If there's ever such as a thing as an archetypal Discworld novel, Moving Pictures is probably it. Pratchett finds a facet of our everyday life that he finds interesting and transplants it to the Discworld, where he subjects it to all kinds of satirical analysis and character explorations, having a huge amount of fun in the process. He'll later do the same thing to rock music (Soul Music), the theatre (Maskerade), Christmas (Hogfather), war (Jingo), the press (The Truth), the post office (Going Postal), banking (Making Money) and football (Unseen Academicals), among many other examples.
It's a solid format and one that results in a much greater variety of stories than you might expect, although there is the sense that Pratchett didn't have much more of an idea here beyond "Discworld movies" before starting writing, as the plot only loosely comes together. It's certainly not as tightly-plotted and constructed a novel as Mort or Guards! Guards! That doesn't stop it being entertaining. It helps that Pratchett avoids contemporary movie references (the novel came out in 1990) in favour of more classic and long-lived ones. A series of King Kong gags are fortunately still relevant thanks to more Kong movies being made, although the Keystone Kops and Laurel and Hardy references might go over younger readers' heads. One joke feels stunning prescient - a troll actor calling himself "Rock" and there being widespread mirth at the idea of an actor with such a name - until you realise that Pratchett is referencing Rock Hudson rather than Dwayne Johnson, but amusingly that joke still works for the next generation. It also helps that some of the things Pratchett was mocking - advertising, product placement and crass commercialisation - have become if anything even more dominant forces in modern films.
The book features some more world and character-building. The tendency of Unseen University Archchancellors to have a briefer lifespan than terminally depressed lemmings living next to the Grand Canyon comes to a merciful end with the arrival of Mustrum Ridcully, whose terminal cheer and straightforward approach to all problems causes shockwaves through the establishment (most of them landing on the head of the Bursar, still semi-sane at this point, although his decline into bewilderment arguably begins when Ridcully nearly shoots him in the face with a crossbow). Unseen University also gets most of its regular cast: the Dean, the Lecturer in Recent Runes, student genius Ponder Stibbons and the ancient Windle Poons. We also meet Gaspode the Wonder Dog, and more character development for characters introduced in Guards! Guards!, such as Detritus the troll and Cut-Me-Own-Throat Dibbler, who gets his biggest starring role of the series.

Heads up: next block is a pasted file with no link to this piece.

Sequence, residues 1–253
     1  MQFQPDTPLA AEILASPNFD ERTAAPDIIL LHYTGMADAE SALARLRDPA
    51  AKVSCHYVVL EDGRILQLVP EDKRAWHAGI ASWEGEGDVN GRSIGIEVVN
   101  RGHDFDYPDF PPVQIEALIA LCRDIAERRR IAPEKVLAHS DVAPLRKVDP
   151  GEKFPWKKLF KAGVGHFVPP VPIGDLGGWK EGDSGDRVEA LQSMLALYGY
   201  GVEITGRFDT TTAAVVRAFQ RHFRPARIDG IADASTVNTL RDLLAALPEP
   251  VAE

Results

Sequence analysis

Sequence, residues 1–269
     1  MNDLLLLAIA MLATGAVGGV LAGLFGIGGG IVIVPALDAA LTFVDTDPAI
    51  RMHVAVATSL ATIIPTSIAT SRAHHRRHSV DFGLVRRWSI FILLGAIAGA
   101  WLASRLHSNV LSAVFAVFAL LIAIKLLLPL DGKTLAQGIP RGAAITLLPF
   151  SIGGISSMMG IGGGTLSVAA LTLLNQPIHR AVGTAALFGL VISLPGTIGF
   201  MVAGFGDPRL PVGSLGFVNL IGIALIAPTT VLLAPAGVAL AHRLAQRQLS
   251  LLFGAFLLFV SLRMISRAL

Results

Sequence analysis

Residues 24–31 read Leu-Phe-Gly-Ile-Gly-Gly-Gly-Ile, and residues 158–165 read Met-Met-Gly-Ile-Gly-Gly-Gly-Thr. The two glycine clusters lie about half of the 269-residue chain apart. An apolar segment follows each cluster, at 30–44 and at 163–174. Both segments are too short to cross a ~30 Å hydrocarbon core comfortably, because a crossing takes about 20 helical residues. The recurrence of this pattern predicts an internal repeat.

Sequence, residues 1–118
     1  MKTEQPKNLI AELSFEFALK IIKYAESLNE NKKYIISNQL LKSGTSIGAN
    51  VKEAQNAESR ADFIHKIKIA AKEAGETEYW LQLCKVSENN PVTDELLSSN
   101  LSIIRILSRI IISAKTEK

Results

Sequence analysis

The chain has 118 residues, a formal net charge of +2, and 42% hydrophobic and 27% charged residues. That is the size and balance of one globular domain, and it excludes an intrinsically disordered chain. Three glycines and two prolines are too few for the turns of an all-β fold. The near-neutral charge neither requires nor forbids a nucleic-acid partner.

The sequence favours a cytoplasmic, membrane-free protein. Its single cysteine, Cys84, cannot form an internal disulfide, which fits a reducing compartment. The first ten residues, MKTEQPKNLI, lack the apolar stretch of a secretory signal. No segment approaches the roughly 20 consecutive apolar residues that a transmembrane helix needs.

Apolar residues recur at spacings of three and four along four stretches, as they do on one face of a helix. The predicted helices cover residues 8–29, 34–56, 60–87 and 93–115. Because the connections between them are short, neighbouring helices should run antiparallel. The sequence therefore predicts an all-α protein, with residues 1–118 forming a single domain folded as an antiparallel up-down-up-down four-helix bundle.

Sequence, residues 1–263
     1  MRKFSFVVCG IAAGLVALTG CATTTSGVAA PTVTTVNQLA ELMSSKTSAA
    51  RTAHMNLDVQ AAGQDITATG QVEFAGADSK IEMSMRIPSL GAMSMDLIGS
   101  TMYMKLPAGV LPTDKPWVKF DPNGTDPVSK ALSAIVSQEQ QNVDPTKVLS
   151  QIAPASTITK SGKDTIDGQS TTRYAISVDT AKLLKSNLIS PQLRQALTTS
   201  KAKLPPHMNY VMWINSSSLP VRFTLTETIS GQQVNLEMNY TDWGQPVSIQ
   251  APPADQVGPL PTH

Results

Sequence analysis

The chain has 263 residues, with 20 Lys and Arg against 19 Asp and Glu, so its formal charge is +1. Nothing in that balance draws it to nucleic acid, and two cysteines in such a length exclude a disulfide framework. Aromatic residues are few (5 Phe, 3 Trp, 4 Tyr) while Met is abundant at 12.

The book's biggest problem is pacing. Pratchett is usually very good with this, packing a lot into a modest 300-400 pages and then clearing out when the story is done, but Moving Pictures feels a bit sluggish, probably a result of the author knowing where he's starting and finishing, but a bit vague about making it join up in the middle. The book also arguably has a few too many endings, with several big climaxes in a row rather than one bigger, more elegant ending. Also, the fact that Victor and Theda become the biggest stars on the Disc only to go completely unmentioned in later books is odd, although possibly also a commentary on how the biggest actors can completely vanish from view after a few years in the doldrums.
Moving Pictures (***½) is a fine, readable but distinctly second-tier Discworld novel which has a ton of great ideas which don't entirely cohere into strong whole. But, as usual, Pratchett delivers enough laughs, intelligent observations and quotable lines to make the book worthwhile. It is available now in the UK and USA.
I previously reviewed the novel here.